Another great benefit of the CEREC 3D system is that the precision scanning system and comprehensive design software means the hardware will be perfect fit for your tooth. In the past, dentists typically had to remove a portion of your tooth so that the crown or bridge would have a tight fit, but with the new system, much less of your existing tooth needs to be removed in order to create the perfect seal. Providing a better fitting product while preserving as much of your teeth as possible is a win-win.

Other benefits of the same day system include:

  • Better color matching to existing hardware or tooth color.
  • Removes imprecision from the equation.
  • Better sealing to the tooth surface.

So if you need a crown or a bridge, know that you can have one created and inserted all in one short visit at Smiles For Life. Dr. Brooks is so pleased with the system that it has become our favorite method for creating restorative hardware at our office. We love the system so much that we offer a free consultation so you can learn if the bridges or crowns we can create in no time are right for you. To set up that consultation, or to switch to a dental office who can offer you the convenience of same day dental hardware, reach out to Dr. Tim Brooks and the care team at Smiles for Life Dental in Bloomington.

Dental-Plans

My Employer Changed Dental Plans, Now What?

Nobody likes dealing with insurance companies, but employers are always looking to get a better deal on their insurance, so it’s not out of the ordinary for us to hear that someone’s employer changed their coverage options. So what should you do in the event your dental plan changes? We can help.

For starters, it’s our goal at Smile for Life Dental to help as many patients as we can, so we do as much as possible to accept as many different types of insurance plans as we can. We also try to keep our prices low, so that if you’re not offered dental protection or you choose not to carry dental insurance, paying your bill won’t be like pulling teeth.

Questions About Changing Dental Insurance

There are a couple of ways to learn more about your insurance coverage. For starters, calling the number on the back of your insurance card is probably the best bet, as they can share with you a list of providers or determine if a certain dentist is in your coverage network. Another great resource is your human resources department. Finally, we will do our best to answer any questions you might have, but we may not have all the answers. We can tell you what types of insurance we accept, but we won’t know the extent of your coverage.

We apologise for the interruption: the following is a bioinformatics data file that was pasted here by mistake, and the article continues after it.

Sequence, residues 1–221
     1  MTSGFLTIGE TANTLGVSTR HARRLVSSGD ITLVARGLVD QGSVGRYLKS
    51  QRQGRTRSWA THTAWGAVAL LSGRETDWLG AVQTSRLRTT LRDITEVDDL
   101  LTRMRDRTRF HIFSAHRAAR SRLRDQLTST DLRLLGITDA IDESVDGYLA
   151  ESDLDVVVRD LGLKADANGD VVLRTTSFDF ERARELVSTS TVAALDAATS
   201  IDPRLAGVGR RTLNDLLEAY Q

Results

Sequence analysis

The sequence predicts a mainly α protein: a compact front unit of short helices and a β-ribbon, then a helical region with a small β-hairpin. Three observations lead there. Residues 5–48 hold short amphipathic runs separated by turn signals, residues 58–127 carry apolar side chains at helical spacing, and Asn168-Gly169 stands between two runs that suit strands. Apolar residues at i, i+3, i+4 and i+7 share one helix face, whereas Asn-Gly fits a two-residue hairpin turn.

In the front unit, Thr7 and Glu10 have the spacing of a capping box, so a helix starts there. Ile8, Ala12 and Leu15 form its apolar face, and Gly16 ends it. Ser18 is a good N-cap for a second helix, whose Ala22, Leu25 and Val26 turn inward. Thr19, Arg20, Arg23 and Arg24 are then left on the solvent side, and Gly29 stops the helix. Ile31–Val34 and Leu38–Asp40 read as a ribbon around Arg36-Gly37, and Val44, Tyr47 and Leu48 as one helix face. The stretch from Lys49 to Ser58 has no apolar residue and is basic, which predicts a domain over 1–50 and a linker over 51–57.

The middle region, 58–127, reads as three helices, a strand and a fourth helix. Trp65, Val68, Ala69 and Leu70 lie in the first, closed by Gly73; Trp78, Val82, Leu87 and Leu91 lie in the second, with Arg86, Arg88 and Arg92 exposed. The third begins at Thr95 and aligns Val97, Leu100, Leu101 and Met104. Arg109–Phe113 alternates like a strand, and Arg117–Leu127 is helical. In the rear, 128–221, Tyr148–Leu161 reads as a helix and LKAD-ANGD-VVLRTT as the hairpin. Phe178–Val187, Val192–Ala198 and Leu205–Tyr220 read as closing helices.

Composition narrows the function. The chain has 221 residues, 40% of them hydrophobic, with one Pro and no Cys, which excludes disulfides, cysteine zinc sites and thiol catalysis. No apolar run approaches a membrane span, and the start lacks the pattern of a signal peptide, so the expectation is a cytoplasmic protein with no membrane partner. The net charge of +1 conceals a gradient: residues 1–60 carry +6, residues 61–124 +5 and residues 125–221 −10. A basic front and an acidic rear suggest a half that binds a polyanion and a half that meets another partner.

If, during the open enrollment period, you find that your old dental care options are no longer available, you probably want to do some more research to determine which plan is best for you and your family. For reference, here’s a list of questions provided by the American Dental Association. Ask yourself these questions, and based on your answers, you may be able to determine which plan is best for you. Some sample questions include:

  • Does the dental plan allow you to pick your own dentist?
  • Will the plan allow you to stay with your current dental provider?
  • What type of routine and major dental care do you expect to need?
  • How are specialists covered under your new plan?
  • Is emergency treatment covered?
  • What is the max out-of-pocket limit?

Again, these questions just help to determine which necessities you’ll want to have, and which luxuries you can afford to skip. Importance will vary from family to family, but the majority of patients are most concerned about which providers are in network, and if they’ll be able to keep their dentist. If you have questions about whether a provider is in or out of network, look on the insurance company’s website to see if they list their providers, or contact them directly, as they’ll know exactly who is and who isn’t in network.

We never want to surprise you with a bill, so we’ll help as much as possible when it comes to dealing with your insurance company and figuring out your coverage. For more information, or to set up your next appointment, contact Dr. Brooks’ office today.

Smoking Teeth

Here’s Why Dentists Want You To Stop Smoking

Smoking obviously has negative consequences for your overall health, but it also takes a big toll on your teeth. Tobacco use is the largest preventable cause of death in the United States, and it’s also the leading cause of mouth cancer. But smoking also has a number of other potential side effects for your mouth, and as dentists, we really wish you’d give up the habit. Here’s a look at all the other problems smoking can cause for your mouth.